Which brings me to the topic of "The Strength to be Celibate", lol, no wonder the world is fucked.

RedHughs
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Jul 8 2011 19:47

I don't have "hate" for these various issues, I just have an opinion. But I am starting to ... hate ... your "why the hate" headline style... Just state your point. "I think revolutionaries should take serious XYZ idea".

LBird
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Jul 8 2011 20:26
batswill wrote:
I think that ' isms ' or ethics are irrelevant, and our present condition is unavoidable. We are what we are, glorified animals mostly devoid of voluntary cognition, apt to behave like homicidal chimps at the first offerings of reward, glory or status.

Do you know, batswill, that your statement is entirely consistent with conservative philosophy?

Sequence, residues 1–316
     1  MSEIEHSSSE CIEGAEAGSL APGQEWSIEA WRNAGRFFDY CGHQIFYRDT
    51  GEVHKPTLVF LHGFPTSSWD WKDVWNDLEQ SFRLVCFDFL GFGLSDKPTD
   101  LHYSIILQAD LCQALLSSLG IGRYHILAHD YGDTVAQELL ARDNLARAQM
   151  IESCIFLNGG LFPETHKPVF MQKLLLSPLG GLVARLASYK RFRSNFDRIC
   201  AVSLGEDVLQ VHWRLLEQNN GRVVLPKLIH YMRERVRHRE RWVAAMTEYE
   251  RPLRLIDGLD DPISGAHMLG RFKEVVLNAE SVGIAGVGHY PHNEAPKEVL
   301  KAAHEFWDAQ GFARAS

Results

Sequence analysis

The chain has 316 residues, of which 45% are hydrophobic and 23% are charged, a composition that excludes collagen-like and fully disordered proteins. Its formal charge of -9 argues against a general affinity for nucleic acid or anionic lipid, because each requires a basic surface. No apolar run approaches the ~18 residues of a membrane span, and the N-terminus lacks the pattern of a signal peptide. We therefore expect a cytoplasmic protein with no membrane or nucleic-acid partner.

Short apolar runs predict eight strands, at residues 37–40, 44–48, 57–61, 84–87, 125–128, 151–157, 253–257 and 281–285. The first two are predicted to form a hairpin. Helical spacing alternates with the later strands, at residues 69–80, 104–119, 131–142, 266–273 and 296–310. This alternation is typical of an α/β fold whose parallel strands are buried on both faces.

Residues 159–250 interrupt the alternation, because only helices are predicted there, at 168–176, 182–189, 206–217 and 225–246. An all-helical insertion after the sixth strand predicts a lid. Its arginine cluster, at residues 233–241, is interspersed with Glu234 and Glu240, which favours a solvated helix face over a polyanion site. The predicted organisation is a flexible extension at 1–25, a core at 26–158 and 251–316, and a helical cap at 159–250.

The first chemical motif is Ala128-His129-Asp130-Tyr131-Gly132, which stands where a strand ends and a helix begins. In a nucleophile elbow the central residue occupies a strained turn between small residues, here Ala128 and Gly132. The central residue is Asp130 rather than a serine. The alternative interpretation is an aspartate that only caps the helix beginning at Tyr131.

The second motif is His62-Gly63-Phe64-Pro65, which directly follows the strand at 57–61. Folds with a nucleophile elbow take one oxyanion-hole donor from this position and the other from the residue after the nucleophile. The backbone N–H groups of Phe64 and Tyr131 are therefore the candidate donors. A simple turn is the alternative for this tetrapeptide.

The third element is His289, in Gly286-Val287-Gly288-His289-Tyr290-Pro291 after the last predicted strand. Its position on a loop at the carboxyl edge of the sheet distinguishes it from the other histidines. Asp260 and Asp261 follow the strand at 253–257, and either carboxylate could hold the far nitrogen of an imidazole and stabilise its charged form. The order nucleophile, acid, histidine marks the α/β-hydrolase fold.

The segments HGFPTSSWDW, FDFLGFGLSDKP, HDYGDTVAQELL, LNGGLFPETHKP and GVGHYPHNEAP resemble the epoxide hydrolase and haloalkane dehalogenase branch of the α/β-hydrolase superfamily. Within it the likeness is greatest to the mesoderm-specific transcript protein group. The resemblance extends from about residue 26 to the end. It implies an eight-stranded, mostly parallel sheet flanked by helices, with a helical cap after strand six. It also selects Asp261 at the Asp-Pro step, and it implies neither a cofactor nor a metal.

If you want to accept those propositions, fair enough, but they have nothing to do with the Communist view of the world. If you regard yourself as some sort of Libertarian Communist, I'm afraid you've got some work to do in examining your own ideology.

On the other hand, if you're happy with your beliefs, and are already convinced of their truthfulness, why bother with us Commies?

yoda's walking stick
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Jul 8 2011 20:40

I wasn't really even trying to take a strong position. I was mostly hoping to listen to what other people thought on the issue of whether some form of population control was necessary or desirable. The class struggle is not my only priority. I understand it is for others here, and that's fine. I was hoping to hear your views.

The first response I got struck me as pretty trite. It's totally fine if people want to take the position of the first response. I was just hoping they do it in a way that seems more original and less a regurgitation of Marx's assessment of Malthus. I understand the first responder is not familiar with this assessment, so I apologize for casting aspersions.

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Chilli Sauce